Andy Murray believes he has made great strides since joining forces with Ivan Lendl but admits there was one aspect of his coach's game that he would not be copying.
"All he wants to do is hit people he's practising with," Murray said last week. "He's been trying to get me to do it. He's like: 'As soon as this guy comes to the net, just try and hit him.' That's more his sense of humour. If he gets hit with the ball his reaction is not: 'Ow, that's sore.' It's to laugh. That's what gets him going, I guess, weird things like that."
Murray added: "I've hit a few guys, but not like the way he hits them. If I was at the back of the court and they were at the net, I'd just be hitting hard at them. I've always done that. But if a ball pops up on top of the net [his aim] is just to absolutely nail them. I'm sure you've seen the videos of him hitting [Vitas] Gerulaitis on the forehead in matches. That's what he loved doing. Almost every player I've spoken to has a story about him hitting them in practice. It's what he did."
If drilling balls directly at opponents was one way Lendl tried to dictate every point, Murray uses a different tactic to intimidate rivals. "Mine would be for guys to feel like there's no space to hit winners into, making the court feel smaller by getting to every single ball and making them have to go for too much. That's more my style," he said.
"It's just different. You want to make guys feel intimidated by something you do on the court, whether it's hitting the ball hard, or your movement, or for someone like [John] Isner it will be their serve.
"That was something he [Lendl] was very good at, one of the best at. I think his attitude on the court intimidated people. He never looked flustered. He always had the same expression. No one really knew how he was feeling. But I know from speaking to him that he got really, really nervous. Everyone gets nervous – and he got more nervous than most people. But he knew how to deal with it."
Murray, who was speaking at Queen's Club in London after committing to play at the Aegon Championships in June for the next five years, will make his season's first appearance on clay at this week's Monte Carlo Masters in a field headed by Novak Djokovic and Rafael Nadal.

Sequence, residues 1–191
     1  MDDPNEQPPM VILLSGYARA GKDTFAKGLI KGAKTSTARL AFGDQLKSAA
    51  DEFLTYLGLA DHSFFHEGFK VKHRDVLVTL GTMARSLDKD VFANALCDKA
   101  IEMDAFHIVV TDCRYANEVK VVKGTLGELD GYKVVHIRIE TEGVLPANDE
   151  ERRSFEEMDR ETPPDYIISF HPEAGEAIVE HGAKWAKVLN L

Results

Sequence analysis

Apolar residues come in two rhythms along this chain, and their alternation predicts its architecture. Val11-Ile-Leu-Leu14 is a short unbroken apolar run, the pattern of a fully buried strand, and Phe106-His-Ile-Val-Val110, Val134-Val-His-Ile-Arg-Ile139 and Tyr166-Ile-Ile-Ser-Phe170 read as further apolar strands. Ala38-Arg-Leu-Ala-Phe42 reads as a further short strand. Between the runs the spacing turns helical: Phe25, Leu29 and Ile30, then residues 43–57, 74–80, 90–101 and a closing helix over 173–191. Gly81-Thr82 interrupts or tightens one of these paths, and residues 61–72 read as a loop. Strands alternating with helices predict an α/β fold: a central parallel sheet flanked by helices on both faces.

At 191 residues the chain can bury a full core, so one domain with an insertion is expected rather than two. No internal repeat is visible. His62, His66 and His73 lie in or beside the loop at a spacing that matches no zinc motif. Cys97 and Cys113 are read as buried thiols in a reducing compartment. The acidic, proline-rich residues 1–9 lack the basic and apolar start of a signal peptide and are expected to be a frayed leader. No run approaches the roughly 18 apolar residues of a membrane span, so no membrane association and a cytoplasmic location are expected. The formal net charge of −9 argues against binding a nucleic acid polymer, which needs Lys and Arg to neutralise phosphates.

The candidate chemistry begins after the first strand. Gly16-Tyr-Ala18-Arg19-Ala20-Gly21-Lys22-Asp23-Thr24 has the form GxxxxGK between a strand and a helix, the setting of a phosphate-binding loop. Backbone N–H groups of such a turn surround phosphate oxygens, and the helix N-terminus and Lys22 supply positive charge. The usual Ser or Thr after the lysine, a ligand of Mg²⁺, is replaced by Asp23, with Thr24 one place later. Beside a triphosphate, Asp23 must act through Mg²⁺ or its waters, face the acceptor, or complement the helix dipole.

Although clay is his most challenging surface, Murray and his coach believe the world No 4 can win the French Open. Planning for Roland Garros began immediately after Murray lost to Djokovic in the semi-finals of the Australian Open in January.
"We spoke the following day about what I didn't do well in the match and what I did do well and, if I want to beat Novak, what I need to do well," Murray said. "Straightaway we were planning for the French Open, what we were going to do, what things we need to work on."
He said both he and Lendl wanted a long-term partnership. "He's already talking about planning for the Australian Open next year and which tournaments I'm going to play next year," Murray said. "I think just having him around is a calming influence on me. When I look to the box and see him there I feel much calmer.
He added: "He's a pleasure to work with because he wants to be the best at what he does. He wants to work hard and he wants to enjoy himself, so it's a great combination. Sorry to swear, but there's no bullshitting. He just wants to work hard, be the best.
"That's what I want to do and that's why I've enjoyed working with him. I think he respects that. I respect him for everything he's achieved in the game and also for what he's been like as a person to all of the guys I've worked with."
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